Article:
Checking blood pressure using a 24 hour blood pressure monitor is referred to as out-of-office blood pressure in the US. According to a new study in the Lancet, it seems that, when it comes to diagnosis and monitoring of hypertension, we should keep the out-of-office on. The observational cohort study of a registry of over 50 000 patients in Spain compared blood pressure measured in a clinic with out-of-office blood pressure and each method’s association with all-cause and cardiovascular death over a median 9.7 year follow-up period. The 24 hour blood pressure measurements more closely correlated with all-cause mortality than clinic blood pressure—although a linked editorial asks whether some of the difference may reflect the quality of measurements performed in clinics.
Once weekly insulin: onwards and upwards
Once weekly basal insulin may soon become an option for people with type 2 diabetes, after an open label trial found that once weekly treatment with insulin icodec (a basal insulin analogue) non-inferior to once daily treatment with insulin glargine. The study recruited 582 people across nine countries who were already taking insulin in the form of a once daily basal injection and short-acting insulin with meals. They were randomised to either once weekly icodec, which has a half life of eight days, or once daily glargine U100 (continuing mealtime insulin in both groups). At 26 weeks, both groups had similar improvements in HbA1c, and there were no significant differences in adverse events including hypoglycaemia—although more than half of participants in both arms of the study had an episode of clinically significant hypoglycaemia with a blood glucose level <3.0 mmol/L.
The tangled cost of lecanemab
The antidementia drug lecanemab was controversially given accelerated approval by the US Food and Drug Administration (FDA) on the basis of reductions in β amyloid plaque in patients with mild cognitive impairment or mild dementia. The US Veterans Health Administration decided in March that it would cover the cost of the $26 500 a year once-weekly infusion, but it isn’t available through Medicare yet. That could change if it receives full FDA approval this year, but at what cost? A cross sectional cost analysis published in JAMA Internal Medicine estimates that the drug and the associated costs of administering it could add between $2bn and $5bn annually to Medicare spending—and cost those without additional insurance thousands of dollars a year.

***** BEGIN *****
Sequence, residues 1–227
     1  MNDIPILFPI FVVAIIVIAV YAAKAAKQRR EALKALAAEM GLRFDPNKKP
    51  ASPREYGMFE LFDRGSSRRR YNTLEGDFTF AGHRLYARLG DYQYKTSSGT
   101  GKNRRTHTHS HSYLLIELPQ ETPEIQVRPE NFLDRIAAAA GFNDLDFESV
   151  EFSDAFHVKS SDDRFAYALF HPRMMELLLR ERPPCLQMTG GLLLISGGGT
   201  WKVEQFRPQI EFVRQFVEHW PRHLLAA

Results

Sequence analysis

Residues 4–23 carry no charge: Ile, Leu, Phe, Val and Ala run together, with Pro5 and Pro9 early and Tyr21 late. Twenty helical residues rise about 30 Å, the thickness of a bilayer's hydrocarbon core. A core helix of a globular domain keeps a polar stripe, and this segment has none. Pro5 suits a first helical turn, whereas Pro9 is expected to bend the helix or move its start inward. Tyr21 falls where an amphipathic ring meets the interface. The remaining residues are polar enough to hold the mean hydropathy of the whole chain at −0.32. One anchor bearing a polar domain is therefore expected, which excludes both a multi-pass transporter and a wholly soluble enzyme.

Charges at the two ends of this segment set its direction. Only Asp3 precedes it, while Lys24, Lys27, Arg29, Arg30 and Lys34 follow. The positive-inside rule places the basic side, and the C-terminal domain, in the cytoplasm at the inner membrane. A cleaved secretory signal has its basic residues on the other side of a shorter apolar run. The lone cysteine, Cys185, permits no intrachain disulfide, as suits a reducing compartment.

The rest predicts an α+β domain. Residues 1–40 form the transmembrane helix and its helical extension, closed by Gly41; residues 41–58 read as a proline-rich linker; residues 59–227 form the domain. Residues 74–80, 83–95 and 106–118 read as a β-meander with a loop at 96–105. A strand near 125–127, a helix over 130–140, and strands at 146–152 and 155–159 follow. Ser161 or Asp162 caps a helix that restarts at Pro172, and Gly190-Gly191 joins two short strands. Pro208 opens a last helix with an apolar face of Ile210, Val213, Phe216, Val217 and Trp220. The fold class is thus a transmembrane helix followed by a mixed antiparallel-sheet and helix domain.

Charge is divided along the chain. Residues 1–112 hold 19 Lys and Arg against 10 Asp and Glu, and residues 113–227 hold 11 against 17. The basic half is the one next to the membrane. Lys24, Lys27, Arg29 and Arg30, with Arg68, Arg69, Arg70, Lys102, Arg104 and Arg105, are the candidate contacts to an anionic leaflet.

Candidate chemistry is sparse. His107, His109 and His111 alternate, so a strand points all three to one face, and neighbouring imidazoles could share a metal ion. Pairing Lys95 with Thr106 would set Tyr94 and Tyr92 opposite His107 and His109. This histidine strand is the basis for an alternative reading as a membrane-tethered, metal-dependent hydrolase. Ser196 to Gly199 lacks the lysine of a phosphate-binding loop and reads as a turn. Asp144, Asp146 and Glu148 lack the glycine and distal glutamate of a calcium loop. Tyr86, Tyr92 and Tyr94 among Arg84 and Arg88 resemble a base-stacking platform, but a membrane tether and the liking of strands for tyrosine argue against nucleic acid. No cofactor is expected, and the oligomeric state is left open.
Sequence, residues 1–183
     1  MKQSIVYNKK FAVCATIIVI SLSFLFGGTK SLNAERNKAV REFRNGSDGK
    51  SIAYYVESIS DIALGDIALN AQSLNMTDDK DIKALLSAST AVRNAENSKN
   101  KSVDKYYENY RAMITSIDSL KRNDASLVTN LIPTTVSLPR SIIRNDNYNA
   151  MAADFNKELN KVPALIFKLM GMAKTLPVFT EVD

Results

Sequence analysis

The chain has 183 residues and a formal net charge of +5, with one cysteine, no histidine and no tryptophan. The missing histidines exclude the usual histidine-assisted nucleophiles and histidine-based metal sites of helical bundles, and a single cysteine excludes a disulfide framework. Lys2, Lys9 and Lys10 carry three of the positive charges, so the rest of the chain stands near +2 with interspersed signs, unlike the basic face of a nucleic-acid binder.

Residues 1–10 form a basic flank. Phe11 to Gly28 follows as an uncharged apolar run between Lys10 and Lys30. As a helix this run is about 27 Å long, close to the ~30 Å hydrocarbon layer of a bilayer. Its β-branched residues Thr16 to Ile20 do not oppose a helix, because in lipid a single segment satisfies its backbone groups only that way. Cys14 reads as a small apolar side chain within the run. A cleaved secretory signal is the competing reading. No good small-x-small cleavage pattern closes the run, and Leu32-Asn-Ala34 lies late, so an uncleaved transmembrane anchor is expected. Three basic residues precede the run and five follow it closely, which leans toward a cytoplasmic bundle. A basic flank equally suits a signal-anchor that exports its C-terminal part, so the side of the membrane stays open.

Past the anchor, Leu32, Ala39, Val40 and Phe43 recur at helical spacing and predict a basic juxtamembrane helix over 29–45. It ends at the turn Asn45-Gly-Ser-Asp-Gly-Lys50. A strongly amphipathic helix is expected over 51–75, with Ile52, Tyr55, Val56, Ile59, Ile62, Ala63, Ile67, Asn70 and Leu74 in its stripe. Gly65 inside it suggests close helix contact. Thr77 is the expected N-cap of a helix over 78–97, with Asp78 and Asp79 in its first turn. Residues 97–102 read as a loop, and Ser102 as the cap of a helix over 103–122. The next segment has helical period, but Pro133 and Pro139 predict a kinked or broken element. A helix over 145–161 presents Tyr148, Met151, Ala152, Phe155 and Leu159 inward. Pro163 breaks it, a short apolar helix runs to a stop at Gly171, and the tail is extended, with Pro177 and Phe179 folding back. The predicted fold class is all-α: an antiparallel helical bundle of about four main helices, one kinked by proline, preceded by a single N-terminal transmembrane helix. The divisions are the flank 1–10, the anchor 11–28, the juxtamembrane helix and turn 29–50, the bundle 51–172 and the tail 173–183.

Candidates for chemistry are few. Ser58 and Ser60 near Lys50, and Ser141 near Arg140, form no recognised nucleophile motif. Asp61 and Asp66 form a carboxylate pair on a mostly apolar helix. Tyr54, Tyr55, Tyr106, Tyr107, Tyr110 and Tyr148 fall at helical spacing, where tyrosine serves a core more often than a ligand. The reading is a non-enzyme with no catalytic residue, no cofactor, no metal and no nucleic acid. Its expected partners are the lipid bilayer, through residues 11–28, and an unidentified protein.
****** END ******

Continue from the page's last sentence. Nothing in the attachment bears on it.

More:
JAMA Intern Med doi:10.1001/jamainternmed.2023.1749
Incidental findings from screening
There’s a classic cartoon by Hilda Bastian set at the “All-Nite Drive-Thru Screening Clinic.” There’s a nervous looking patient with a doctor standing over them saying: “You have a right to remain anxious. Anything you say will be used to further test you. If you do not already have a diagnosis one will be provided for you.” And so to a case series of 26 455 participants of the US based National Lung Screening Trial who had received low dose CT screening for lung cancer. Just over a third of them (33.8%) had a significant incidental finding from screening. Emphysema was the most common (43%), followed by coronary artery calcium (12.1%) and then masses or other suspicious lesions (7.4%). These incidental findings will be of benefit for some, cause worry for many, and eat up more resources for everyone.
JAMA Intern Med doi:10.1001/jamainternmed.2023.1116
Sleep apnoea alert
There are times where a wakefulness-promoting agent would come in very handy: when trying to clear your backlog of results and letters at the end of a long day, or when clicking through your annual information governance training. A network meta-analysis of three wakefulness-promoting agents for people with sleep apnoea concluded that solriamfetol, armodafinil-modafinil, and pitolisant reduce daytime sleepiness for patients with excessive daytime sleepiness already taking conventional therapy for obstructive sleep apnoea. In last year’s NICE guideline on sleep apnoea, the guideline committee concluded that prescribing of solriamfetol—the most effective of the three treatments according to this review—would likely be limited to secondary care.
Ann Intern Med doi:10.7326/M22-3473